Cake
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    • When was the last time you've had a chance to truly disconnect from the world of screens and buzzing notifications? Are we losing the personal connection and the human touch with people around us even though we feel "connected"?

      On my recent camping trip I contemplated these questions around the campfire. For hours we sat in a circle of friends, sharing stories of adventure, persevearance and triumph. I felt truly connected with my friends and got to know them on a whole new level. Would any amount of texts or pics shared on Facebook, Instagram and others have connected us like that? I don't think so.

      Am I the only one who feels nostalgic about the simple joy of unplugging yet truly connecting?

    • There’s something about it.

      It’s not just the warmth. It’s not the beauty of the flickering flames or the sound of the crackling wood.

      It’s tens of thousands of years of our primevil burning in front of us. Bonding people around it from the time this first one was lit. Thanks for the thread interesting thoughts.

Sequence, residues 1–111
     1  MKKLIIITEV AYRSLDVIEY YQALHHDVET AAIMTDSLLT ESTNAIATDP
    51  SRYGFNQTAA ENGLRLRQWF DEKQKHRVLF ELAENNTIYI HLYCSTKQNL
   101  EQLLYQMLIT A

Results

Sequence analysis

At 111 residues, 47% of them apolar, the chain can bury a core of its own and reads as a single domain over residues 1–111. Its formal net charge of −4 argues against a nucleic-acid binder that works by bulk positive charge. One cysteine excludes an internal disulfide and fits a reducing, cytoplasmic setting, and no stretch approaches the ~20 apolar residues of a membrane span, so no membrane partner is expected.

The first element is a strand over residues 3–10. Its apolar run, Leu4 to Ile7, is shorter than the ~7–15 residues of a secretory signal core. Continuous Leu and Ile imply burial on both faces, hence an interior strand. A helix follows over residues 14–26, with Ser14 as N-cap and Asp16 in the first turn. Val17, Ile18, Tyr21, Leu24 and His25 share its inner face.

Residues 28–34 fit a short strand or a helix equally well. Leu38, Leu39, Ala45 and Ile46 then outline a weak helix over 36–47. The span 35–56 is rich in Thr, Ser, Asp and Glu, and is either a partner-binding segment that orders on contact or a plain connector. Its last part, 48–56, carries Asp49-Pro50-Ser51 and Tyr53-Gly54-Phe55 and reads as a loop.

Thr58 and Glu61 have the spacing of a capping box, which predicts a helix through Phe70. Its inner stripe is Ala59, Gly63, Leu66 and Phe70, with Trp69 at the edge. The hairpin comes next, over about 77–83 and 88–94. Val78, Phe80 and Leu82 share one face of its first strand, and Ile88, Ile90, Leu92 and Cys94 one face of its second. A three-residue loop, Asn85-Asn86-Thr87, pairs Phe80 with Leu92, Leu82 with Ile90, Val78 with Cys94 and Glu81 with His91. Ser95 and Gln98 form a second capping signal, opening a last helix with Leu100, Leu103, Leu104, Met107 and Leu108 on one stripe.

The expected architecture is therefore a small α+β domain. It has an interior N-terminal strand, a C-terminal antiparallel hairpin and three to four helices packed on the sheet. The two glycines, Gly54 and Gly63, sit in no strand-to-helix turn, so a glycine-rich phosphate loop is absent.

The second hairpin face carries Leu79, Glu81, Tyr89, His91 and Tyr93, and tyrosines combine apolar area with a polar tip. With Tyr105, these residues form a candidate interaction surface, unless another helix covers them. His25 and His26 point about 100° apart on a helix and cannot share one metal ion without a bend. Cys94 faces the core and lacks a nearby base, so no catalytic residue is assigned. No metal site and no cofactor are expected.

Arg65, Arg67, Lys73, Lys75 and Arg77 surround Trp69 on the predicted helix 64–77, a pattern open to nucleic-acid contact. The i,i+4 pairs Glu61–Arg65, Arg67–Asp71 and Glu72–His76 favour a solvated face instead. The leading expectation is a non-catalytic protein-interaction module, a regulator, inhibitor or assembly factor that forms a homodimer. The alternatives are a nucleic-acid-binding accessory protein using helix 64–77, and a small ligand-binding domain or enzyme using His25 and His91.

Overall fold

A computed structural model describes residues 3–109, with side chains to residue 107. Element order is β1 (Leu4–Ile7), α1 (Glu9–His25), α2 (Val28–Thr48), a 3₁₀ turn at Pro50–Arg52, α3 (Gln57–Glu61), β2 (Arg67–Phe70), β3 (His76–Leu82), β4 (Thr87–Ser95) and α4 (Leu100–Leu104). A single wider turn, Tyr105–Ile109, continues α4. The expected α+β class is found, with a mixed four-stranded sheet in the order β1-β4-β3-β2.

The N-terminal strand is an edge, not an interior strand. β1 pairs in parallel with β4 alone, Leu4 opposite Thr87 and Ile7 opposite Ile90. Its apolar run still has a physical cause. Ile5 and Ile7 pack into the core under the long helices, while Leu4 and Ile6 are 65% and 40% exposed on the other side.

• I sometimes feel nostalgic for the Internet of the 90s, which was a pain in the ass to use and you had to dial into your ISP with a modem and sometimes your connection got dropped because someone picked up the phone.

      The technology was limited, browsers were terrible, websites were hideous, but there was just something about it that the Internet lacks now. Every time you got online it felt special, even if all you were doing was using Lycos to find new X-Files fan pages on Geocities.

      I think my feelings of nostalgia are partly because it had a little bit of that same special feeling of sitting around a campfire, surrounded by the unknown, isolated from the real world, sharing stories and experiences with people.

    • That begs a question for me. What will be our next method of sitting around the campfire?

      FaceTime with a fire in the middle?

    You've been invited!